Confessions and Acceptance

When I began my weight loss journey nine months ago I set out to fix who I was as a person. Inside and out. I am forty years old, arthritic, sore, in pain most of the time. Changing my diet, being disciplined with what and how I eat, and adding in exercise has helped drop the pounds. Yet there was more to it than diet and exercise.

I wanted to fix me.

That has turned out to be the hardest part.

You see, what doesn’t get talked about a lot with regards to weight loss, is how important it is to fix the mind. Fix our self esteem. Fix our attitude about life in general. Watching what you eat can only take you so far if you aren’t mentally prepared to adapt to the bumps in life.

I know for me personally, being obese for so long made me angry at the world. It made me bitter. And not just on the surface. Not just the cliché anger over not being able to buy clothes in a store or fit on a ride at an amusement park. Those things hurt, sure, but the low self esteem and pain from being overweight affected me in ways that I didn’t think were related to weight.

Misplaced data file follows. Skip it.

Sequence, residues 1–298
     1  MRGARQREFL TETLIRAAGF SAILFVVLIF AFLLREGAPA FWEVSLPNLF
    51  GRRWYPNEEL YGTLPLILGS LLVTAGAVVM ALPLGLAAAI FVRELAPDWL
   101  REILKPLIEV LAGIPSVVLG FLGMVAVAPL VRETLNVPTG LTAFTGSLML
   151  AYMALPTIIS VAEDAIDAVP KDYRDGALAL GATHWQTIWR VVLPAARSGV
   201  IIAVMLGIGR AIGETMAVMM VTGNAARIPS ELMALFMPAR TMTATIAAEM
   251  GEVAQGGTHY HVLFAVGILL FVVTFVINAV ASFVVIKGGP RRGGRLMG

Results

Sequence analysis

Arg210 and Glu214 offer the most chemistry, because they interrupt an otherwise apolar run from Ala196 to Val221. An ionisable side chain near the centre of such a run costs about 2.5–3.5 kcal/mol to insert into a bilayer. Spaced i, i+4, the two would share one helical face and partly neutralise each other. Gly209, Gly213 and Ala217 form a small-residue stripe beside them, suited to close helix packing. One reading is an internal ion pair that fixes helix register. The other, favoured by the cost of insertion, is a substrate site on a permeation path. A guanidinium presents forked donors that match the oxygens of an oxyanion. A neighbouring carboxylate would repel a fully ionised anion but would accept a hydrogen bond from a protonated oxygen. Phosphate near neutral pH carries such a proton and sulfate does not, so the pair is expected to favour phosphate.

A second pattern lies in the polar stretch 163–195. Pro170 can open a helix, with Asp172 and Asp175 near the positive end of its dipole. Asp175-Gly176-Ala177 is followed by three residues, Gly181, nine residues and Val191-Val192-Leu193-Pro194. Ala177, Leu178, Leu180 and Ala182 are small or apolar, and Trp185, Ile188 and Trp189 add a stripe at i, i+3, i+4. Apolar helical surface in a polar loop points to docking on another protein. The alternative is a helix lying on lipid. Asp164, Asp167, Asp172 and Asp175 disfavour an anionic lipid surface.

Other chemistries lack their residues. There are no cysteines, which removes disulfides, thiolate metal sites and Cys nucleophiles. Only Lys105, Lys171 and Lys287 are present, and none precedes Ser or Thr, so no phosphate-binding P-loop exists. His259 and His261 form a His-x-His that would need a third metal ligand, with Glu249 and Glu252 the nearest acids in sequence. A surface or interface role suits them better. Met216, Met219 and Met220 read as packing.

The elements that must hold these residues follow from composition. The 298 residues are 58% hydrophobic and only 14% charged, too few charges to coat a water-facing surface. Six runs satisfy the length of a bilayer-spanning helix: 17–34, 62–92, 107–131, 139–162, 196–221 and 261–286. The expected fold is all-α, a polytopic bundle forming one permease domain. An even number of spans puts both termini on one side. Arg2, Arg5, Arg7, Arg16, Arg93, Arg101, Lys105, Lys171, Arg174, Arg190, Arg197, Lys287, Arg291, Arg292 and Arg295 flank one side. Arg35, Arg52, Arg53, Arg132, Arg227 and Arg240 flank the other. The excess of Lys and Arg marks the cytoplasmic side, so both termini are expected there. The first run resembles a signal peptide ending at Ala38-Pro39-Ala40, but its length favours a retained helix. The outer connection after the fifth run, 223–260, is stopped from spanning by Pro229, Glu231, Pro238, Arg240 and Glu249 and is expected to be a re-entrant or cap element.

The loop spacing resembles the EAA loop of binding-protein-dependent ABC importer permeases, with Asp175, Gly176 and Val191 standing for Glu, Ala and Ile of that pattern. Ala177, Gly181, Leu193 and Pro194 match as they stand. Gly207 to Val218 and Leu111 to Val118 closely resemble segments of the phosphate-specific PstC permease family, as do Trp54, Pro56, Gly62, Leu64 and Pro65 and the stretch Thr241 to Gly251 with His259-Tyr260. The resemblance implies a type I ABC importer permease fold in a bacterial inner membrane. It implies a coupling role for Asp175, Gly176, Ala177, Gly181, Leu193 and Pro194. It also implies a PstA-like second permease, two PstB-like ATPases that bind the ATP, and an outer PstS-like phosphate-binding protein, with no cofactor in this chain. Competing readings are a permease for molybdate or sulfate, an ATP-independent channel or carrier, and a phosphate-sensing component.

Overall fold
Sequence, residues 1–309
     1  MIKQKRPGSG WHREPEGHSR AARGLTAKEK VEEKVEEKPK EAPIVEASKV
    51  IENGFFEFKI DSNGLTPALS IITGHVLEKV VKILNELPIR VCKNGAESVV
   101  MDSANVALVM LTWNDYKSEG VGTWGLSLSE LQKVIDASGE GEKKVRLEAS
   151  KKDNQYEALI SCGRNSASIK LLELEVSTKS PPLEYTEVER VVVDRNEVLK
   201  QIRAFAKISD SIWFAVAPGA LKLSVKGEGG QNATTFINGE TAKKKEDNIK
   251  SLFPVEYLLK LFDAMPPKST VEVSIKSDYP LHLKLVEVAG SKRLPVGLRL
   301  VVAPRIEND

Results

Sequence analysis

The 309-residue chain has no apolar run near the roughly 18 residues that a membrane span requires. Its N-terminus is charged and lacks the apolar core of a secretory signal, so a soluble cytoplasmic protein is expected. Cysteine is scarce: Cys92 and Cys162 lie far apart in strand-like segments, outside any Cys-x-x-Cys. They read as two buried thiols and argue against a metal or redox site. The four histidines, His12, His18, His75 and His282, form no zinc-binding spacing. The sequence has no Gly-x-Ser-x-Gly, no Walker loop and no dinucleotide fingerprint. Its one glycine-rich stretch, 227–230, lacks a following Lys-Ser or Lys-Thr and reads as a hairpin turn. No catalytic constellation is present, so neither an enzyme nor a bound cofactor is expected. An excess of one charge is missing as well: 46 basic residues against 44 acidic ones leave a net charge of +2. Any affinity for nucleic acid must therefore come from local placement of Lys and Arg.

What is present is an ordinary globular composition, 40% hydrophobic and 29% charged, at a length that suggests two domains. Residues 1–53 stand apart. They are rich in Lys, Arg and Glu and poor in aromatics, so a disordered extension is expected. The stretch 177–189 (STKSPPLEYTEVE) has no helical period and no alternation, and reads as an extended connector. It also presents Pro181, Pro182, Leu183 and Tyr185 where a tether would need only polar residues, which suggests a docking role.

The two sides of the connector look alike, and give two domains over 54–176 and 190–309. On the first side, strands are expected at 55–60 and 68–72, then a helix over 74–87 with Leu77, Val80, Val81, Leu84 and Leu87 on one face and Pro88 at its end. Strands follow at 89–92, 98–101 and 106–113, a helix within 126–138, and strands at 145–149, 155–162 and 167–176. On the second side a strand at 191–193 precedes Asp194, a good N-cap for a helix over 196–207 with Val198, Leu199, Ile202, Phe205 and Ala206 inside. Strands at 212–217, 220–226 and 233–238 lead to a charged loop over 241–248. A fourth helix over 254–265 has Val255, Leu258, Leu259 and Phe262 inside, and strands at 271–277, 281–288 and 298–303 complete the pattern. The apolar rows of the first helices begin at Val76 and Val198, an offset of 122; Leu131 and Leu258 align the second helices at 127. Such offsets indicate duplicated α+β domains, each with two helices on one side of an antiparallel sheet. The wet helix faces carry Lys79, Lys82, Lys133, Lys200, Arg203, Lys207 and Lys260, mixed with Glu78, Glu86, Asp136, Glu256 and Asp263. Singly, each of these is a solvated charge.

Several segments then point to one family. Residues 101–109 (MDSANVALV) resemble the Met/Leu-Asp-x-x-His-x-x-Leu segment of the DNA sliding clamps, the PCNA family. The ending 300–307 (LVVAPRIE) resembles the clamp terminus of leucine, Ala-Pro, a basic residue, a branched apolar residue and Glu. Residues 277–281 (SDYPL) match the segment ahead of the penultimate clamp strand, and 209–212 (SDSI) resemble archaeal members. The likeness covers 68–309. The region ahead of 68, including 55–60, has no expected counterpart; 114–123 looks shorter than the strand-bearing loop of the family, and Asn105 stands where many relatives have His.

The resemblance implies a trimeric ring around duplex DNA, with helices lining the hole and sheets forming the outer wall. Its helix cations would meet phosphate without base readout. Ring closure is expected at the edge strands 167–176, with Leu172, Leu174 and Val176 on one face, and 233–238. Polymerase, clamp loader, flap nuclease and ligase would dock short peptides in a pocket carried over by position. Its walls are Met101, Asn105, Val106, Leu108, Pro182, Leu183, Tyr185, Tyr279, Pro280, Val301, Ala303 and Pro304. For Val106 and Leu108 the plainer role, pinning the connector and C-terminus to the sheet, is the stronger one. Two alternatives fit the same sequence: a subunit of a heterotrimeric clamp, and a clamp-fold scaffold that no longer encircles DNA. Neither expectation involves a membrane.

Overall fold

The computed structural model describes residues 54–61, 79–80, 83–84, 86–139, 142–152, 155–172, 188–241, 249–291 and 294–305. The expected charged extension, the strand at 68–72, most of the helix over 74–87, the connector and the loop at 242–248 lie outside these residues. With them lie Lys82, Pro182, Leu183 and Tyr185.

My internal sadness affected who I was as a father, a husband, a friend. My low energy and embarrassment kept me from playing games with my kids. My sulking, even when I didn’t know I was doing it, kept me from giving my wife the attention she deserves. To ask about how her day went or see when she needed help or simply a hug. I had selfish blinders to the world. HAVE selfish blinders.

Now, let me be very honest, being overweight is not to blame for every failed moment I had as a person. That would be an unfair, cheap deflection. I own my mistakes and my laziness. I own my selfishness.

I have not failed at changing. My journey continues but I must start addressing that part of me that is more than just the number on my scale. I need to start addressing me, who I am, how I treat those that I love the most.
Losing weight has been amazing. Eighty pounds gone in 2018. Twenty-five more to go. But I have more to work on beyond those pounds. I have more to fix.

I’m ready for the challenge.

I’m ready.

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